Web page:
The SEC filed suit in 2022 alleging the blockchain-based file-sharing network had violated federal securities laws with the sale of its native LBRY credits (LBC), which the firm maintained were not securities. A New Hampshire judge ruled in favor of the SEC in November and the final ruling was filed on July 11. Following the ruling, LBRY said it would shut down.
Under the ruling, LBRY must pay a $111,614 penalty. That was revised down from $22 million in May by the regulator citing the company's "near-defunct status." The company was also "permanently restrained and enjoined from" participating, directly or indirectly, in violating federal securities laws or any unregistered crypto securities offering.
"LBRY is appealing the [court's] decision because it is unjust and incorrect," CEO Jeremy Kauffman wrote in an email to CoinDesk. "The SEC has shown clear intent to use this ruling to damage the cryptocurrency industry more broadly. We won't let them."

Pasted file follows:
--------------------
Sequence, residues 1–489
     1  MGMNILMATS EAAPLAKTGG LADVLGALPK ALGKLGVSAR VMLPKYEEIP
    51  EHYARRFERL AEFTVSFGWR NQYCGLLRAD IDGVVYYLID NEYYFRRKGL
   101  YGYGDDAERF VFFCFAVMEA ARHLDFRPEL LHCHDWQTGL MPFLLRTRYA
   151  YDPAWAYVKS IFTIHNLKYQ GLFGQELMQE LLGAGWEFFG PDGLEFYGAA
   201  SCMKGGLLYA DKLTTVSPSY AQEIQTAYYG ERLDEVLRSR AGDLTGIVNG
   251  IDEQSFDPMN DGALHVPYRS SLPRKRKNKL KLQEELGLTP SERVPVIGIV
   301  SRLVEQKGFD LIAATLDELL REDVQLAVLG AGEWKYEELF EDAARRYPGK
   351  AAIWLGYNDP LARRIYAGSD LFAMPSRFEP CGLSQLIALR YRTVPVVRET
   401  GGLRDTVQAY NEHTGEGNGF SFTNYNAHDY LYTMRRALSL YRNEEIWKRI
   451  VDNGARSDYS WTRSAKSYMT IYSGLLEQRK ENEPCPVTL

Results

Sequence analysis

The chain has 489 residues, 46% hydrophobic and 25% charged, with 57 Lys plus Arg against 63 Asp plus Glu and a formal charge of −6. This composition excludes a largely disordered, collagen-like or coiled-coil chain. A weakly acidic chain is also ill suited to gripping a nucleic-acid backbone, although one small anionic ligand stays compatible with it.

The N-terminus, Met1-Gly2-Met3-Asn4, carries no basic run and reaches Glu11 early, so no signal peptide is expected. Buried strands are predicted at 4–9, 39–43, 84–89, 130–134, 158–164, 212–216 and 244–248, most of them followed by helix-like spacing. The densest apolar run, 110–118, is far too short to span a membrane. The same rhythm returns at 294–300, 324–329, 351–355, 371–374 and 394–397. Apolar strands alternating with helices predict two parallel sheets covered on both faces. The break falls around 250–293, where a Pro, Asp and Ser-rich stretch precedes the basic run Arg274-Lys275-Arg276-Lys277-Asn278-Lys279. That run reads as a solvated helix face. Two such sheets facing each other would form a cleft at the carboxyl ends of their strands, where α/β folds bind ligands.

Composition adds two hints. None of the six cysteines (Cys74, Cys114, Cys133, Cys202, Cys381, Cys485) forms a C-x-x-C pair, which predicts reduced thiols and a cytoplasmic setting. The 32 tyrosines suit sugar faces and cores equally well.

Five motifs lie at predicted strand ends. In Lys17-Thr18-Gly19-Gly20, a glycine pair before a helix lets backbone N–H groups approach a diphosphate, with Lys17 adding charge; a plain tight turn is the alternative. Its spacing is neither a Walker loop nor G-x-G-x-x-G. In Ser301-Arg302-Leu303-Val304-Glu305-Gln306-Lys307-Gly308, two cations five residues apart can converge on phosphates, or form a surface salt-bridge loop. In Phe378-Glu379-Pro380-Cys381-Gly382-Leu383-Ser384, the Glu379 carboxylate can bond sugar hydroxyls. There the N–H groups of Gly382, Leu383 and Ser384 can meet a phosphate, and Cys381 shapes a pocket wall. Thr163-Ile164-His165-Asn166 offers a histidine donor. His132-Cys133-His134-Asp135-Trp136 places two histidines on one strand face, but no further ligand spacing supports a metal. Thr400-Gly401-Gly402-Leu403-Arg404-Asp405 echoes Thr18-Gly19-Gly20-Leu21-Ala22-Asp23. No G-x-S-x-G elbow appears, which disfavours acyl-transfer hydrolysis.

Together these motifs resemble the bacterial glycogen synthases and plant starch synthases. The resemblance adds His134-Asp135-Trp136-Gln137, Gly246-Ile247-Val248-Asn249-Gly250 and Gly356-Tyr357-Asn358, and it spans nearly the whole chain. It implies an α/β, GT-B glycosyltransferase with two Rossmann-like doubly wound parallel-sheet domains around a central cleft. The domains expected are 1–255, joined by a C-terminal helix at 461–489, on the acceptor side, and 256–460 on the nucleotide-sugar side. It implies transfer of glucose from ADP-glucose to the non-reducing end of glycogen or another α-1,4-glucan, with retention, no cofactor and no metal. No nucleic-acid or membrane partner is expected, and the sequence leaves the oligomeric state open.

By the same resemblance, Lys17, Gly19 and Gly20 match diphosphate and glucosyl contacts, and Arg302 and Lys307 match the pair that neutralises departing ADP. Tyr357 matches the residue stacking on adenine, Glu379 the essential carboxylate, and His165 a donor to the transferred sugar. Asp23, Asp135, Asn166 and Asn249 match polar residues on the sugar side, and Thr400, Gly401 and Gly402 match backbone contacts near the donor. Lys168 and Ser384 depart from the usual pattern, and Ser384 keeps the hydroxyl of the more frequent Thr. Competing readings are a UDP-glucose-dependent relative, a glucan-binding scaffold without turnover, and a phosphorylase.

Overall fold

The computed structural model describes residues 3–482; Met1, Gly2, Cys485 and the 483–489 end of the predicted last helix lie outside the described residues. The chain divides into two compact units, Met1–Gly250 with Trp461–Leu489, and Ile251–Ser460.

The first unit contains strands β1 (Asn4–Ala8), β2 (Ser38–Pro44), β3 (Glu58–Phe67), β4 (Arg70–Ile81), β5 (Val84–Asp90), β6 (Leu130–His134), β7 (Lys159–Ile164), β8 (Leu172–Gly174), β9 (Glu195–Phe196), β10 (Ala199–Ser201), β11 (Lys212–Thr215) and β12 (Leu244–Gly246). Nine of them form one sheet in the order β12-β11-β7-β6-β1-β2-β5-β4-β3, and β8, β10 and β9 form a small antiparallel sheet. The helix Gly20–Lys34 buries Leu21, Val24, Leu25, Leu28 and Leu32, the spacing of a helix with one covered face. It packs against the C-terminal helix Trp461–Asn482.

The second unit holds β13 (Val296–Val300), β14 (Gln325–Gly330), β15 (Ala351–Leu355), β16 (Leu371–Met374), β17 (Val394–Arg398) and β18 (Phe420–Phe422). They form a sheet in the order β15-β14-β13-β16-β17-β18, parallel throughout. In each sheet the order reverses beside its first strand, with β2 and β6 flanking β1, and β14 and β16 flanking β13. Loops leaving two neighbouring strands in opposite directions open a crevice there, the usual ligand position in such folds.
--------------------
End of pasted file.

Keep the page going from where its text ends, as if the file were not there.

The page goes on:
Blockchain platform Ripple Labs is facing similar SEC allegations over the sale of $1.3 billion in XRP tokens. Legal experts have told CoinDesk that a federal judge's July ruling partially in favor of Ripple – that direct sales of XRP to institutional investors violated securities law, but programmatic sales to retail investors through exchanges had not – could give hope to other firms involved in similar cases.
LBC has dropped about 8.7% in the past 24 hours to $0.012, CoinGecko data shows.
UPDATE (Sept. 8, 15:38 UTC): Adds comment from LBRY CEO Jeremy Kauffman in penultimate paragraph.
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